Armenian support for Russian “peacekeeping” in Eurasia and Syria
Armenia’s support for the recent CSTO intervention in Kazakhstan may seem unusual at first glance. However, this move is ultimately part of a wider strategy in Yerevan that involves both domestic and international affairs.
Many commentators were surprised that Armenia’s Prime Minister Nikol Pashinyan, who came to power in the 2018 “Velvet Revolution”, fully supported the Russia-led Collective Security Treaty Organisation’s (CSTO) assistance to the autocratic regime in Kazakhstan. Despite this, Pashinyan’s reasoning was rather simple. The Armenian leader hoped that this example of “peacekeeping” would lead to the deployment of the CSTO in Karabakh and on the Armenia-Azerbaijan border.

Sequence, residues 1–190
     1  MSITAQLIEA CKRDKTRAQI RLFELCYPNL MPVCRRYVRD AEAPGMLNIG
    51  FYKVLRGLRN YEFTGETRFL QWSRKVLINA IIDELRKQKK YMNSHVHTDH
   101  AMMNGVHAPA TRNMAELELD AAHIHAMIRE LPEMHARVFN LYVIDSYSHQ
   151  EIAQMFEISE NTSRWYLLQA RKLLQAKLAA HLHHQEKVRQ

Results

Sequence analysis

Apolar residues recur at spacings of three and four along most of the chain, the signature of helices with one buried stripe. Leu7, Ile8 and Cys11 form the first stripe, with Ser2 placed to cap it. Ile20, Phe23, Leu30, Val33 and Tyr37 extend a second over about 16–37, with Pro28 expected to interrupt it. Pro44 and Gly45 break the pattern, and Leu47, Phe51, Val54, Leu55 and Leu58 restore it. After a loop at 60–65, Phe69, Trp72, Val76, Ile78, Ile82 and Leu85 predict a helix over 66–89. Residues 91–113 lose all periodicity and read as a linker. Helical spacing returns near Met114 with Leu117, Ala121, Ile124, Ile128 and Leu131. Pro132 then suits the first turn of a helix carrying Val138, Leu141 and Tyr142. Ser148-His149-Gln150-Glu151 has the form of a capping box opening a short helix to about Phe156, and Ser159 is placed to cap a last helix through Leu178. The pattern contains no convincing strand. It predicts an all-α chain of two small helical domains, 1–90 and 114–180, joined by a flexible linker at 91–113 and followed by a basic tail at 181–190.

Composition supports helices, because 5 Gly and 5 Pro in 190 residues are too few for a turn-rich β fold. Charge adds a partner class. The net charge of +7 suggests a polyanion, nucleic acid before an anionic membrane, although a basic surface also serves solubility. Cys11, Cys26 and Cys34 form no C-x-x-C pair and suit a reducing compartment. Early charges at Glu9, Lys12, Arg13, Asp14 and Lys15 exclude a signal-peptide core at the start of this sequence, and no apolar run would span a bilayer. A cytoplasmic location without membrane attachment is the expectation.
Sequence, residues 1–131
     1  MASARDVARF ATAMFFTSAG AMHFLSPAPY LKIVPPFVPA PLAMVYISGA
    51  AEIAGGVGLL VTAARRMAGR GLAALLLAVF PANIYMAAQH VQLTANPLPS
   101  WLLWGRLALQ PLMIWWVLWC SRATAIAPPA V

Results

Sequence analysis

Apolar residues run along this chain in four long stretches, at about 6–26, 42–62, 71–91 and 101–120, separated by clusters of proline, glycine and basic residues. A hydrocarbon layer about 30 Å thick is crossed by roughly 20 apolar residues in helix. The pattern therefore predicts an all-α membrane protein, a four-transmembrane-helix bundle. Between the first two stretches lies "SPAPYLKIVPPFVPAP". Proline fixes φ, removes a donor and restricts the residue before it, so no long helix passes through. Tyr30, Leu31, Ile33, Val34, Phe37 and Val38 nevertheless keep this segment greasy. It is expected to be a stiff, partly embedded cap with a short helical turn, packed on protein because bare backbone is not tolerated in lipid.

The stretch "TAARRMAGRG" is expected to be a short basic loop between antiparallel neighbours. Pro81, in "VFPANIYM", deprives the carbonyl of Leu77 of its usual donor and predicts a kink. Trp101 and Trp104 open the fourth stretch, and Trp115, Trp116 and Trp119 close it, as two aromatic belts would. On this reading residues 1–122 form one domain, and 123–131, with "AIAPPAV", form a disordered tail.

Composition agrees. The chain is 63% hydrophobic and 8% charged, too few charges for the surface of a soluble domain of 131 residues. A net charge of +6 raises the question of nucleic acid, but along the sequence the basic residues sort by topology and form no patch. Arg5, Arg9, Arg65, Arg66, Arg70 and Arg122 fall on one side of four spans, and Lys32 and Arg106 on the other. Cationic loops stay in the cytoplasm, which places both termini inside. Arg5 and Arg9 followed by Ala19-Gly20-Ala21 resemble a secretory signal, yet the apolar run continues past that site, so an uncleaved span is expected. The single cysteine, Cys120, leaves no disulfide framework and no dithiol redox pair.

Nevertheless, Pashinyan is taking a big gamble, as many Armenians are uncomfortable with the military’s participation in the CSTO’s Kazakhstan operation. After all, Pashinyan became prime minister following street protests focused on political reform. Yerevan’s previous ruling authorities refrained from using violence to suppress these protests. However, the Kazakh protests quickly turned violent, making them different to those in Armenia and closer to Ukraine’s Euromaidan in 2013-14.